The Charming AssassinBy Samoza (231 reviews) from Reading , 17 Mar 2011There are certain actors who never get taken seriously throughout their career. Some dont really care, whilst others begrudge never getting the kudos they think they deserve. Tony Curtis is an actor who was seen pretty much as a pretty boy and comedian, his dramatic roles mostly snubbed during award season. However, on occasion he could portray a character well, as his Bafta nomination for Sweet Smell of Success shows. Curtis plays Sidney Falco, a sleaze ball promoter who is in the pocket of J. J. Hunsecker, the most powerful man in the New York entertainment industry. JJ controls what is hot and what is not, therefore Sidney has to do anything that JJ says to keep on his good side. Even if that means spreading false rumours and trying to split up young couple Susan Hunsecker and Steve.
Curtis as Sydney Falco is probably in one of his all time best roles; the charm and charisma that he used throughout his career is present, but it is turned to a dark edge as he manipulates and uses people. Throughout his film career you always felt that Curtis could be a smiling assassin, he was a little too good looking. Burt Lancaster as the powerful JJ is also excellent, acting as a modern day King, punishing those around him who do not do his bidding. As a double header the film is excellent, sparks fly between the leads as their relationship evolves. They dont like each other, but they need one another.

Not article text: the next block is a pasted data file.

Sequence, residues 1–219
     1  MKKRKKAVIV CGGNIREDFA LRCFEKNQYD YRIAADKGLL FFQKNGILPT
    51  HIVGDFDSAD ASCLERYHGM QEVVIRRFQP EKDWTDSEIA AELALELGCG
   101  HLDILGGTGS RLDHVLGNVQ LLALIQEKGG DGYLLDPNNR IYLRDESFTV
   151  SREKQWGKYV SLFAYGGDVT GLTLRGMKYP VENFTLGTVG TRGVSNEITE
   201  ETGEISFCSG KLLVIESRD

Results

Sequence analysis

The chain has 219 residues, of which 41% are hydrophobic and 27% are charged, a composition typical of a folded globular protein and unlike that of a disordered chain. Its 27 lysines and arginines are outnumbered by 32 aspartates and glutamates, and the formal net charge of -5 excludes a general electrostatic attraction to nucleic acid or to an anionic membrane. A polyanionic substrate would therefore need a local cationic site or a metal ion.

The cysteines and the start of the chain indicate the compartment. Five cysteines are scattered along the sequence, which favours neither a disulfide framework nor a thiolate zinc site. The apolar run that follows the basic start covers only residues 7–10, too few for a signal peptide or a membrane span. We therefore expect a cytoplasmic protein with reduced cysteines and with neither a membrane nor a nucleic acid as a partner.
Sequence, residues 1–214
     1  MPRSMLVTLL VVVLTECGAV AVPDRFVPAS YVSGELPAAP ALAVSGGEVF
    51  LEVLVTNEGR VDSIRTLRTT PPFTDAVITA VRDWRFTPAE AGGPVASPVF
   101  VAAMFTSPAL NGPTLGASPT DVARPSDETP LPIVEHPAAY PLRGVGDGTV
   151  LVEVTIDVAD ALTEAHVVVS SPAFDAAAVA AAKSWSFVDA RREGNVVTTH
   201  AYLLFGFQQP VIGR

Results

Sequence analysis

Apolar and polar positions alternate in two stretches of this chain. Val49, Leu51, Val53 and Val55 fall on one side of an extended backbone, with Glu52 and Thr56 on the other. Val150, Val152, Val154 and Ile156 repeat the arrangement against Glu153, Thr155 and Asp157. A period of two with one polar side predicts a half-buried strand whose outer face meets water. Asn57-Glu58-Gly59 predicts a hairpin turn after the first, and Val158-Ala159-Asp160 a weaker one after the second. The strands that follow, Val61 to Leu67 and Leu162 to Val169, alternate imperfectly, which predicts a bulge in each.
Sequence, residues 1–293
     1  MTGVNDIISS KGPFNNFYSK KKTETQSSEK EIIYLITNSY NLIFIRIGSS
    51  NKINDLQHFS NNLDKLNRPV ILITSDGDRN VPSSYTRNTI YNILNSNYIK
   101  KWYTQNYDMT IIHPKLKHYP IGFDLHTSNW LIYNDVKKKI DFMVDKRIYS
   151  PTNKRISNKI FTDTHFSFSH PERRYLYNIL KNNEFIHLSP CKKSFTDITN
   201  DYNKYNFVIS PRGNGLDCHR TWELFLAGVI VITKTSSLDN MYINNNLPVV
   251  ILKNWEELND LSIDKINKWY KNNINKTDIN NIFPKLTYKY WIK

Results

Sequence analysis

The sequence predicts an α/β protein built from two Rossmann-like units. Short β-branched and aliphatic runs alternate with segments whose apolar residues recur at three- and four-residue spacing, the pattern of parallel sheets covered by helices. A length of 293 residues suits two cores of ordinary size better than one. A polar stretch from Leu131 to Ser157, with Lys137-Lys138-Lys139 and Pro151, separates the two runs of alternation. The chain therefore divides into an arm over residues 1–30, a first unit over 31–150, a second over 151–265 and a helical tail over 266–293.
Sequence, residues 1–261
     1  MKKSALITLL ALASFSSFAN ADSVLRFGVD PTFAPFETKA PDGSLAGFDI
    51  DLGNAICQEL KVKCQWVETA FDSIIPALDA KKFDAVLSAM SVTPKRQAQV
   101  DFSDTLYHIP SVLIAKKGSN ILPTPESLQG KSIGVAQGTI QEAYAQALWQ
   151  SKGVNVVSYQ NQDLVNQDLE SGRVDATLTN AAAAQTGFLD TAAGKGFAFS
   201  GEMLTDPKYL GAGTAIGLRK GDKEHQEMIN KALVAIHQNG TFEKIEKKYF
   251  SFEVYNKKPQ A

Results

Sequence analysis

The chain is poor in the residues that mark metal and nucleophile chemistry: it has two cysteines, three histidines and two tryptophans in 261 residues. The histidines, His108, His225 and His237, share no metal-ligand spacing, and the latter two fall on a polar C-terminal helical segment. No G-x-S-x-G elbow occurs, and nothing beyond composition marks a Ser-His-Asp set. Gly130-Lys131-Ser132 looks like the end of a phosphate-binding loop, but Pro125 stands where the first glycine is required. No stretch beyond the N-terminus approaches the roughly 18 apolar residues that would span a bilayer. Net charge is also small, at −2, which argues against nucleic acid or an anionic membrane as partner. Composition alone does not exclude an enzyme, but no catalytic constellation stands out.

Unfortunately, the film is not really a two header and some of the other characters are awful. Released in 1957 Sweet strays into the world of Beatniks and jazz. Musically the film is a magnificent explosion of sound, but culturally it rings false. For my tastes late 50s and early 60s US cinema is a strange place that is not quite the Golden Era, but not the revival of the young directors of the 70s. Here the film falters because the female lead of Susan is far too wet to be likable. In one sense the film offers a modern woman, but her character is old fashioned in that she is not allowed to defend herself. This old fashioned feel jars with the darkly cynical and modern edge of the Sydney and JJ characters. Susans love interest, Steve, also feels old fashioned. He is the moral compass of the film, but personally I found him naïve, sanctimonious and pious. This did little to endear me to either Susan or Steve, therefore undermining the force of the film.
In seclusion The Secret of My Success is one of Curtis best roles, but unfortunately the films storyline lets him down. His actions are undertaken to drive a wedge between two characters that you end up wanting to split up just so that they would leave the screen. Not the response the film makers would have planned for.
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Well worth a viewing.By a customer from Wiltshire , 05 Mar 2011I saw this film when it first came out and rated it highly then. Having seen it again in 2011 it stands the test of time; a brilliant film. Great performances by Lancaster and Curtis. I've seen Curtis in films that have not shown him at his acting best; chosen perhaps more for his looks, but in this film his talent shines out. You loathe what it has become yet feel sympathy for him in this 'dog-eat-dog' world.